Results A total of 1216 of 1706 (69.1%) participants had high turnover intention. During the previous 12 months, the prevalence of physical violence and psychological violence towards nurses was 9.60% and 59.64%, respectively. As expected, the level of turnover intention was negatively correlated with participants’ scores on job satisfaction (r=−0.367, p<0.001) and perceived organisational support (r=−0.379, p<0.001), respectively. Burnout was positively associated with turnover intention (r=0.444, p<0.001). Workplace violence was positively associated with turnover intention (β=0.035, p<0.001) in linear regression analysis. The total effect (β=0.53) of workplace violence on turnover intention comprised its direct effect (β=0.36) and its indirect effect (β=0.17).

Conclusions Perceived organisational support served as a mediator between workplace violence, job satisfaction, burnout and turnover intention, and it had a significantly negative impact on turnover intention. Therefore, nursing managers should understand the importance of the organisation’s support and establish a reasonable incentive system to decrease turnover intention.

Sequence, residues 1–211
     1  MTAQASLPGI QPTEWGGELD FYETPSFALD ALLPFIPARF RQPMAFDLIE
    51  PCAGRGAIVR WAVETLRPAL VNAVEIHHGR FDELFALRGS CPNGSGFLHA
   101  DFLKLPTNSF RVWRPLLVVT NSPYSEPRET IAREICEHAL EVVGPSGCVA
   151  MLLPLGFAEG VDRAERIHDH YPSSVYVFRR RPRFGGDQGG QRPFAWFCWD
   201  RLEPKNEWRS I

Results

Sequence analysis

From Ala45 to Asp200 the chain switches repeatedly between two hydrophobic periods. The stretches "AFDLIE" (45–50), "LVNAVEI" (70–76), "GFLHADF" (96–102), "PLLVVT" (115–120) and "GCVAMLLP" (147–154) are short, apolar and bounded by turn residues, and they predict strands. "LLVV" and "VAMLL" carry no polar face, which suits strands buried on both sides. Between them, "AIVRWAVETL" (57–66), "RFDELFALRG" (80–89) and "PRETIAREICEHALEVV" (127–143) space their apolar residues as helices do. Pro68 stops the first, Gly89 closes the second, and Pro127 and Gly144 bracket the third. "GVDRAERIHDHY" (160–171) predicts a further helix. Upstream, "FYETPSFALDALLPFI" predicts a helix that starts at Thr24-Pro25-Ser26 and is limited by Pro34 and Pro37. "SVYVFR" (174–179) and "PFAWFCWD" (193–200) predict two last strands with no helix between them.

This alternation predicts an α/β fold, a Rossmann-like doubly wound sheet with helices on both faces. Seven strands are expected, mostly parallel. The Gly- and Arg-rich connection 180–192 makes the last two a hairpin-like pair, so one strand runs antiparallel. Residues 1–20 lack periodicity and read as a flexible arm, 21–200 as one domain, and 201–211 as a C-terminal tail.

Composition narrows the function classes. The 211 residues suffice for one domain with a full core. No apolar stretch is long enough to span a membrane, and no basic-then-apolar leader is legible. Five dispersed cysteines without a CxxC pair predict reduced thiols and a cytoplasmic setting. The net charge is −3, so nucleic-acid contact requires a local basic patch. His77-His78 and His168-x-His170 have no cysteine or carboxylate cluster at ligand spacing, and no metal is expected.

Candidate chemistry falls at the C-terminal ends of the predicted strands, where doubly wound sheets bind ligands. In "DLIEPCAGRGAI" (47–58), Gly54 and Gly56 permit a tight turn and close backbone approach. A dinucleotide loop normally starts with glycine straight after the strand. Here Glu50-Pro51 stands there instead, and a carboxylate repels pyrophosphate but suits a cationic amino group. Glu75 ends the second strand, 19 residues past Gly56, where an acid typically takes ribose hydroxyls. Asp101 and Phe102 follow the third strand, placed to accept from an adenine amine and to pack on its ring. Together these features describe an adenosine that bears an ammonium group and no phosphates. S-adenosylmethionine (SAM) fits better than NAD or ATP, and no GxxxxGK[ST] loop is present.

• workplace violence
  • job satisfaction
  • burnout
  • organizational support
  • turnover intention
  • nurses

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Strengths and limitations of this study

  • A variety of statistical methods (descriptive analysis, Pearson’s correlation analysis, linear regression analysis and structural equation model) were employed to investigate the relationship between independent variables and turnover intention.

  • The benefits of using both linear regression and structural equation model include their ability to understand the relationship between variables more clearly and intuitively, and to better master the role of organisational support in the relationship between other variables and turnover intention.

  • The retrospective approach to collecting data using self-reports of workplace violence might have led to recall and report bias.

  • The results of purposive sampling were greatly influenced by the preconceptions of the researchers; therefore, researchers need to clearly understand the basic characteristics of the population under study.

Introduction